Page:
What Causes Baby Eczema—and How to Treat It

Seeing red? If you spot itchy, scaly patches on baby’s body, it’s probably baby eczema. Here’s what you can do about it.
Save article
ByCelia Shatzman
Contributing Writer
Feb 2020
Newborn infant
Photo: Elisabeth Schmitt/Getty

Is there anything yummier than a baby’s soft, smooth skin? Though babies are known for exactly that, picture-perfect skin isn’t always the case, and baby eczema is often to blame. Babies have extra-sensitive skin, so they’re more prone to rashes than older kids or adults. Luckily, there are baby eczema treatments that will soon get baby comfy in their own skin. Read on to learn what baby eczema is, how to spot it and how to treat it.

What Is Baby Eczema?

Baby eczema (or atopic dermatitis) appears as red or dry patches of skin, and it’s usually also itchy and rough. For babies who are predisposed to eczema, the first rashes typically appear around 2 to 4 months of age. “Baby eczema often starts as a pink, flaky rash on the cheeks and chin in young babies,” says Anna Bender, MD, a pediatric dermatologist at Weill Cornell Medicine and New York-Presbyterian in New York City. “Older babies who are of crawling age may develop the rash more on the outside of their arms and legs with dry, itchy, irritated skin patches. It may also feel rough to the touch like sandpaper.”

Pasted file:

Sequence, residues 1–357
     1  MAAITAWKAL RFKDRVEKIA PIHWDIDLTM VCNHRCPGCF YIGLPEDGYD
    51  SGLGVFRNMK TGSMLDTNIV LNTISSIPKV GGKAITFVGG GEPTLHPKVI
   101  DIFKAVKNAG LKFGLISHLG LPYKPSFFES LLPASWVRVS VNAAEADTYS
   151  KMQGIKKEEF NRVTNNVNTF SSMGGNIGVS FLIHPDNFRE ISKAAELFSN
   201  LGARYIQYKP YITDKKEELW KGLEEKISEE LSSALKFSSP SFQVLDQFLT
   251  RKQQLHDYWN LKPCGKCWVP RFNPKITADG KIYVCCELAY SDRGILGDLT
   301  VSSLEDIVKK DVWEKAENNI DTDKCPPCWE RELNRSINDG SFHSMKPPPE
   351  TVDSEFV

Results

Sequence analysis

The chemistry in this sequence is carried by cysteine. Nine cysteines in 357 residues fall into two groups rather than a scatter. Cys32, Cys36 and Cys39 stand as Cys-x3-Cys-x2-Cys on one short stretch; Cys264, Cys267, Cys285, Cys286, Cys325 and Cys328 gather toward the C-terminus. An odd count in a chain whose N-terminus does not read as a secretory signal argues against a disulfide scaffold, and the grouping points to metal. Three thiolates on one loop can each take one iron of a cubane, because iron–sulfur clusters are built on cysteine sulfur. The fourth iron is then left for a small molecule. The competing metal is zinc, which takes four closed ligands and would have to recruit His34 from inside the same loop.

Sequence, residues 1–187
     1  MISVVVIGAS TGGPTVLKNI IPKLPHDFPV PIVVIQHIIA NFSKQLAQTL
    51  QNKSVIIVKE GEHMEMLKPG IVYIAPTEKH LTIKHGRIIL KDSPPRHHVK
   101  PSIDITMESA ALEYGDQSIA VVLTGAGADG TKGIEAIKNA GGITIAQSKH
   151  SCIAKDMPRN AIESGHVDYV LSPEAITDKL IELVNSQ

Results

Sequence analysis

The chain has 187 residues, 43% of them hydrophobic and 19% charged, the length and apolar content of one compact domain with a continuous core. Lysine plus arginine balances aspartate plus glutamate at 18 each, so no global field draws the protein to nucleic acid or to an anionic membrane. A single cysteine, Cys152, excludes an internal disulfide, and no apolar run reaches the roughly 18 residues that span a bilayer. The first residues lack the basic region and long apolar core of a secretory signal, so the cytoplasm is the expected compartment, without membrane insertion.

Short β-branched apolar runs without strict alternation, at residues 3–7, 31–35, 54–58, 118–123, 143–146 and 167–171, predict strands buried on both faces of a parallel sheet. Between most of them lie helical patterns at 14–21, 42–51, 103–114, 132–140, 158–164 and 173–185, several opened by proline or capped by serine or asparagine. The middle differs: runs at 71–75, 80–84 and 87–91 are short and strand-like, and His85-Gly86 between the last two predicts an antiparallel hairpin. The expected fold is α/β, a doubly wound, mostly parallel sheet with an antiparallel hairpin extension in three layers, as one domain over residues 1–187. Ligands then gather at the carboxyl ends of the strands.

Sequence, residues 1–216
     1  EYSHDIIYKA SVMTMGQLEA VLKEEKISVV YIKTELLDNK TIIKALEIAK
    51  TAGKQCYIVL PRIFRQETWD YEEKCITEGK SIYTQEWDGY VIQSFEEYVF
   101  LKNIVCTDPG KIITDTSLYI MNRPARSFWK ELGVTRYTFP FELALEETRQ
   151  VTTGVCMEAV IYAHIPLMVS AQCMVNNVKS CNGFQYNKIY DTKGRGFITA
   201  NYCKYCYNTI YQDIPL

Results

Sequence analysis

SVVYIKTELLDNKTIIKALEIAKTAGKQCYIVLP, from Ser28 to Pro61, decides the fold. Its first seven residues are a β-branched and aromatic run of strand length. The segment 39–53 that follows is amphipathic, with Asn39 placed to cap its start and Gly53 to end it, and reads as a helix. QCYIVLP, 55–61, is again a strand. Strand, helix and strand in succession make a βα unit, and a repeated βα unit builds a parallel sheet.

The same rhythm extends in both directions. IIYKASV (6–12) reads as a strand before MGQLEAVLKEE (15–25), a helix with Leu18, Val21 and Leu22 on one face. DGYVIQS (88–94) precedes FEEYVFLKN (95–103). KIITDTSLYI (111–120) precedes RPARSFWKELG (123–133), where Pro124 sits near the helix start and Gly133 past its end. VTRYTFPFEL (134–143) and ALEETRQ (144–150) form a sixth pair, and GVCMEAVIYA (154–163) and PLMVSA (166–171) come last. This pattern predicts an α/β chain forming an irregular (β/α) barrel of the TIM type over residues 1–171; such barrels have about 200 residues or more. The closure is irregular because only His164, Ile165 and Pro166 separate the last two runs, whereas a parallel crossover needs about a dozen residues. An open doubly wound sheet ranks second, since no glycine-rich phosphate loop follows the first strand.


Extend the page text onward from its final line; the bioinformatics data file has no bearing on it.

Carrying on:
Is Eczema Common in Babies ?

The short answer is yes. Up to 20 percent of children in the United States may have some form of eczema, according to Bender.

What Does Baby Eczema Look Like?

It can be easy to confuse baby eczema vs. acne, since both can appear on the cheeks. But baby acne typically appears earlier in life than eczema. “Baby acne can start soon after birth, while eczema may show the first signs around 2 to 5 months of age,” says Latanya Benjamin, MD, a florida-based pediatric dermatologist and dermatologic surgeon and Society for Pediatric Dermatology board member. “Additionally, baby acne appears as classic pimples and small red pustules on the face usually with no symptoms. Eczema, on the other hand, affects both the face and body with dry or weepy red patches and is quite itchy.”